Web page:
Speculation Build Status

A Ruby port of Clojure's clojure.spec. See clojure.spec - Rationale and Overview. All advantages/disadvantages for clojure.spec should apply to Speculation too. This library is largely a copy-and-paste from clojure.spec so all credit goes to the clojure.spec authors.

Project Goals

The goal of this project is to match clojure.spec as closely as possible, from design to features to API. This decision comes with the trade-off that the library may not necessarily be idiomatic Ruby, however there's nothing stopping other libraries from being built on top of Speculation to bring a more Ruby-like feel. This library won't introduce features that do not exist in clojure.spec.



The API is more-or-less the same as clojure.spec. If you're already familiar clojure.spec with then you should feel at home with Speculation. Clojure and Ruby and quite different languages, so naturally there are some differences:

Built in predicates

clojure.spec leans on its macro system and rich standard library of predicate functions when writing specs. Ruby has neither of those, so we must be creative with what we define as a 'predicate' in Speculation. Each of the following are valid Speculation predicates:

S.valid?(->(x) { x > 0 }, 2)
S.valid?(:even?.to_proc, 2)
S.valid?(String, "foo")
S.valid?(Enumerable, [1, 2, 3])
S.valid?(/^\d+$/, "123")
S.valid?(Set[:foo, :bar, :baz], :foo)

Namespaced keywords/symbols

Namespaced keywords are at the core of clojure.spec. Since clojure.spec utilises a global spec registry, namespaced keywords allow libraries to register specs with the same names but under different namespaces, thus removing accidental collisions. Ruby's equivalent to Clojure's keywords are Symbols. Ruby Symbol's don't have namespaces.

In order keep the global spec registry architecture in Speculation, we utilise a helper method ns to achieve similar behaviour:

module MyModule
  extend Speculation::NamespacedSymbols

  p ns(:foo)
  # => :"MyModule/foo"

  p ns(AnotherModule, :foo)
  # => :"AnotherModule/foo"



Clojure uses Symbols to refer to functions. To refer to a method in Ruby, we must use the method method.

def self.hello(name)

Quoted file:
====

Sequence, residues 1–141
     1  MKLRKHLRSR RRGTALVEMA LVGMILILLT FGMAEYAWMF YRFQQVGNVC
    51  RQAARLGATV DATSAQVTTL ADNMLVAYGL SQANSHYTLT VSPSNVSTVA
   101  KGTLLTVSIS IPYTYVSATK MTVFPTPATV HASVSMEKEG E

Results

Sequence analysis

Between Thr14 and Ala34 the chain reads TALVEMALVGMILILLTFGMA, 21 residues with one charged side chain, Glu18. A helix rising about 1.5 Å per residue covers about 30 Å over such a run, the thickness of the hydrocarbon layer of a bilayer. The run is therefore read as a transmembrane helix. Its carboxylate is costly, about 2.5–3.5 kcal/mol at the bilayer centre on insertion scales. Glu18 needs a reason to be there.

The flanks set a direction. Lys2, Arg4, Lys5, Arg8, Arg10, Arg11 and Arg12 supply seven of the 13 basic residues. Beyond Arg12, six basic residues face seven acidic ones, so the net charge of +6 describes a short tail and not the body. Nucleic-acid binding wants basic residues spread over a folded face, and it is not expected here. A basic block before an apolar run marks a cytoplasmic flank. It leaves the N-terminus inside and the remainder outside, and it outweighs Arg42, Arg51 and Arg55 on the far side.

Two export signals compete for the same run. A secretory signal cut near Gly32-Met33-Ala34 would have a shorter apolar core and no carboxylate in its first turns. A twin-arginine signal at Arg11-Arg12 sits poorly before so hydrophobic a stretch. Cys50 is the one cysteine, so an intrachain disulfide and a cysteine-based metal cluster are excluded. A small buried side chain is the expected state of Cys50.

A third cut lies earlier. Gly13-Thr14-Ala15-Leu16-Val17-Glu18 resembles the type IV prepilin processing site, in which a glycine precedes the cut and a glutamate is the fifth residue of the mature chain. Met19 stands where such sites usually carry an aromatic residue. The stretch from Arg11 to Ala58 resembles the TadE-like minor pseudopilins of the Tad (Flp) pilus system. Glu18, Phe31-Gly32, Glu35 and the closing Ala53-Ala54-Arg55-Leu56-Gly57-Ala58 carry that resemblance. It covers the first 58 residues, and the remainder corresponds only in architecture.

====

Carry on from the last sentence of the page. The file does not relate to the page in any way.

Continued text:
"Hello #{name}"

S.fdef(method(:hello), :args => S.cat(:name => String), :ret => String)

Block args

In addition to regular arguments which can easily be described as a list, Ruby methods can take blocks. In Speculation, we spec a method's block separately to its args:

def self.hello(name, &block)
  "Hello #{block.call(name)}"

S.fdef(method(:hello), :args => S.cat(:name => String),
                       :block => S.fspec(:args => S.cat(:s => String), :ret => String),
                       :ret => String)

Generators and quick check

Speculation uses Rantly for random data generation. Generator functions in Speculation are Procs that take one argument (Rantly instance) and return a random value. While clojure's test.check generators generate values that start small and continue to grow and get more complex as a property holds true, Rantly always generates random values.

Rantly gives Speculation the ability to shrink a failing test case down to its smallest failing case, however in Speculation we limit this to Integers and Strings. This is an area where Speculation may currently be significantly weaker than clojure.spec.


After checking out the repo, run bin/setup to install dependencies. Then, run rake to run rubocop and the tests. You can also run bin/console for an interactive prompt that will allow you to experiment.


Bug reports and pull requests are welcome on GitHub at https://github.com/english/speculation.


  • tidy up tests

clojure.spec features


  • Explore alternative generator library
    • Build up a library of generators around Rantly in the meantime?
  • Generate documentation from specs
  • Profile and optimise


The gem is available as open source under the terms of the MIT License.